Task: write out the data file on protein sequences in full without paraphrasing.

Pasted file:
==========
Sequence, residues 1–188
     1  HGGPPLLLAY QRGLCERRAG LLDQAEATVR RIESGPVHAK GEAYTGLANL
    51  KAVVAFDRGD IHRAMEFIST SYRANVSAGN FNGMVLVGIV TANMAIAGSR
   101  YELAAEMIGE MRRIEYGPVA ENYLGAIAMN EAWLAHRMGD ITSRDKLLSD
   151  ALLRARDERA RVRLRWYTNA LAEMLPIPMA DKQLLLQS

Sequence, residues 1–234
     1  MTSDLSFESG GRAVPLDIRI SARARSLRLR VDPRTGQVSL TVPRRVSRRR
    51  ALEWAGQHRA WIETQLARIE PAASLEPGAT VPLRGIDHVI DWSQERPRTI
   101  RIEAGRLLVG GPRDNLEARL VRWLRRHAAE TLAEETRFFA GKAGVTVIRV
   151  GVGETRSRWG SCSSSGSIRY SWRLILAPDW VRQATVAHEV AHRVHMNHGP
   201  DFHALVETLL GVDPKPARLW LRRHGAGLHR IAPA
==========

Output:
Sequence, residues 1–188
     1  HGGPPLLLAY QRGLCERRAG LLDQAEATVR RIESGPVHAK GEAYTGLANL
    51  KAVVAFDRGD IHRAMEFIST SYRANVSAGN FNGMVLVGIV TANMAIAGSR
   101  YELAAEMIGE MRRIEYGPVA ENYLGAIAMN EAWLAHRMGD ITSRDKLLSD
   151  ALLRARDERA RVRLRWYTNA LAEMLPIPMA DKQLLLQS

Sequence, residues 1–234
     1  MTSDLSFESG GRAVPLDIRI SARARSLRLR VDPRTGQVSL TVPRRVSRRR
    51  ALEWAGQHRA WIETQLARIE PAASLEPGAT VPLRGIDHVI DWSQERPRTI
   101  RIEAGRLLVG GPRDNLEARL VRWLRRHAAE TLAEETRFFA GKAGVTVIRV
   151  GVGETRSRWG SCSSSGSIRY SWRLILAPDW VRQATVAHEV AHRVHMNHGP
   201  DFHALVETLL GVDPKPARLW LRRHGAGLHR IAPA